Nothing has been directly outlined yet to make us think that things will get more difficult for exchange students. However, Bolsonaro’s intent to make significant changes at the university level mixed with his discriminatory position means, like visas, he could make it harder for some and (perhaps) easier for others.
Keep an eye on this topic if you plan to come in 2019 and we’ll be sure to follow up as more information becomes available.
An Increase in Border Security?
Considering Bolsonaro’s comments about foreigners (mentioned above), volatile behavior and close alignment with Donald Trump, it’s possible we will see processes tighten up at the border.
On the other hand, considering his intense focus on economic stimulation, a Bolsonaro government could make it easier for travelers to come to spend money in Brazil, as long as they are countries that they believe will bring benefit to the country and not threaten their security or take away jobs from Brazilians.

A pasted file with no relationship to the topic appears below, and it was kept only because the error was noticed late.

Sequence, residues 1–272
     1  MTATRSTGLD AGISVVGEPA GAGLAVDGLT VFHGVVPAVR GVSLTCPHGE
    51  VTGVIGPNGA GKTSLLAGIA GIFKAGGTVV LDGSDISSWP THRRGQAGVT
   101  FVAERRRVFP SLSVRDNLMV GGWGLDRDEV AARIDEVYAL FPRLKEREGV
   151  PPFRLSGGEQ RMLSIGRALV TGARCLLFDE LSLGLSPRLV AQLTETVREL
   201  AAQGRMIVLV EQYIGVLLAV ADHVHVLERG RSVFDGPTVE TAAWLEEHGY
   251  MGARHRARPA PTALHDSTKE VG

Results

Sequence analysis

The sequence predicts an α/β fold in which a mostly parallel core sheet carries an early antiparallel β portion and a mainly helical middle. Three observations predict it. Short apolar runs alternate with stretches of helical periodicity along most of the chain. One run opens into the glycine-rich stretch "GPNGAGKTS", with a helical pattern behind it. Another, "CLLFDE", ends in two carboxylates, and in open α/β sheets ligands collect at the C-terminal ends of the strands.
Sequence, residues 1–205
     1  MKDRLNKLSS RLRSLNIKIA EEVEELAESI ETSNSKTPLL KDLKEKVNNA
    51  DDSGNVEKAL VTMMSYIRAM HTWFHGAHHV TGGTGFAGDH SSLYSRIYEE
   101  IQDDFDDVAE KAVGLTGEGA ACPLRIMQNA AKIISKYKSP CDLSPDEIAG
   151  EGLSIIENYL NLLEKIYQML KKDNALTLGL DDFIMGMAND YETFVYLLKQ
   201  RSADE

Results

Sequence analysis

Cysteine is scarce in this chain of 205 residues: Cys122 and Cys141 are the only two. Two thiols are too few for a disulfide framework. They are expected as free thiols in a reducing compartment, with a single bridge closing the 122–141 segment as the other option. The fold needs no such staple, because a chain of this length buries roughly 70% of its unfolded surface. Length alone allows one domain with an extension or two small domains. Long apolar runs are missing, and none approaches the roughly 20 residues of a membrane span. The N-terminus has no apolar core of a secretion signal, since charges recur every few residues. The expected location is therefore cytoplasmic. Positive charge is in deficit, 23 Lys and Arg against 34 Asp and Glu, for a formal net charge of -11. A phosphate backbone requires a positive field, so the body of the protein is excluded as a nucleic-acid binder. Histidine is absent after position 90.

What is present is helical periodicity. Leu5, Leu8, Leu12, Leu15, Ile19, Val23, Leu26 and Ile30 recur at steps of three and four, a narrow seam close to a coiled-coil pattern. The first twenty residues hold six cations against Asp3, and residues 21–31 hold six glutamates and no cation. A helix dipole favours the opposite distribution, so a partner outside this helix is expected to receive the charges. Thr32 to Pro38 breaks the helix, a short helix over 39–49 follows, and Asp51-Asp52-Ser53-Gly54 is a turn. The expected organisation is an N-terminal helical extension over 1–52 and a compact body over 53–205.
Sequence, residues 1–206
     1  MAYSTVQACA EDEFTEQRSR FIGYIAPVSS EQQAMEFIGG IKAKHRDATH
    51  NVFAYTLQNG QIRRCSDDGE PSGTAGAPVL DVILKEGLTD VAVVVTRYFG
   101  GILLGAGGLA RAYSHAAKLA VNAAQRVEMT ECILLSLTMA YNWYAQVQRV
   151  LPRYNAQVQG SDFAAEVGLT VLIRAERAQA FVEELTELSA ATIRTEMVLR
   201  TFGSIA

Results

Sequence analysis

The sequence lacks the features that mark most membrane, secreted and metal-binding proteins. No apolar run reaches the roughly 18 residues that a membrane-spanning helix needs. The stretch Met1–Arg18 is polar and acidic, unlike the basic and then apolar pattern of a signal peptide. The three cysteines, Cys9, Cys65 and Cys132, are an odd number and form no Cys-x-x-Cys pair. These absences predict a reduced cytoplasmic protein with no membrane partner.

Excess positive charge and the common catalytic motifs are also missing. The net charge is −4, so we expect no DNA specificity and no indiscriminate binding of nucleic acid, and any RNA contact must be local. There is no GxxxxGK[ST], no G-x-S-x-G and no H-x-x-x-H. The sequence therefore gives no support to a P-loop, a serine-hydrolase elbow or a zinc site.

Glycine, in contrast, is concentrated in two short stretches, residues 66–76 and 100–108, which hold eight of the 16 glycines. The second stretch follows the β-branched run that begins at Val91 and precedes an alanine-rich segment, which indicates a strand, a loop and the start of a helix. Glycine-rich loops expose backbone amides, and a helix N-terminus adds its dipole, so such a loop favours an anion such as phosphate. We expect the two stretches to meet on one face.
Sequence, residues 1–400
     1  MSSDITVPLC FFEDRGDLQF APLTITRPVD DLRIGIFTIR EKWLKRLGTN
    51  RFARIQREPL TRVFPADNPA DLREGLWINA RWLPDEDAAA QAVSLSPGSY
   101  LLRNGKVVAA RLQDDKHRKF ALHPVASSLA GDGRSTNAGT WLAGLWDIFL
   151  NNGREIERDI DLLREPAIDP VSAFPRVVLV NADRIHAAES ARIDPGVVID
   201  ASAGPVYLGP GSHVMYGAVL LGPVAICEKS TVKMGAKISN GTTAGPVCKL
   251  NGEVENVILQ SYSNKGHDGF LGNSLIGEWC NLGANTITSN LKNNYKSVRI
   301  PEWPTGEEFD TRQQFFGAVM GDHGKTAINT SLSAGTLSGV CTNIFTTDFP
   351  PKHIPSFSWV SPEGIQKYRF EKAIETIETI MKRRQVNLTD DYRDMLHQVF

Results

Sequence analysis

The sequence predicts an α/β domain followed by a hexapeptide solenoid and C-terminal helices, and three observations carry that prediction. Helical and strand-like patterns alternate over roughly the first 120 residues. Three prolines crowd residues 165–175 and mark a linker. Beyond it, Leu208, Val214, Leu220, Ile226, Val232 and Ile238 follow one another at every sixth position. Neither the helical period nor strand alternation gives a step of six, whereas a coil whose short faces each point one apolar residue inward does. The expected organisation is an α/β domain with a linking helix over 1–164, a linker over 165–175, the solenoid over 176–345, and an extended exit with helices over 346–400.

With the new e-visa implemented earlier this year, the tourist visa process has already improved for a small list of countries.
Even if you are only entering with a tourist visa, be prepared in case things get stricter at the borders.
Closer Relationship With The US
China isn’t buying in Brazil, China is buying Brazil
From foreign policy to trade, Bolsonaro leans to the position of the US.
Now that the e-visa gets Americans into Brazil faster and the dollar goes further once a tourist arrives, more benefits to visitors from the US aren’t clear.
Unless, of course, you have a company positioned to benefit from investment, trade or agribusiness. Changes in this area could make starting a business in Brazil as a foreigner much easier.
It’s still too early to say what is going to come from a Bolsonaro presidency, but we shall see.
Many Brazilians are worried about the future of their country. And rightfully so given Bolsonaro’s track record of firing off aggressive and offensive comments in an undiplomatic way.
However millions of others – angered by lack of security and the economic recession following a large period of growth – are focused on rebuilding economically and reasserting security.
If you are interested in reading Bolsonaro’s official plan, you can find it here.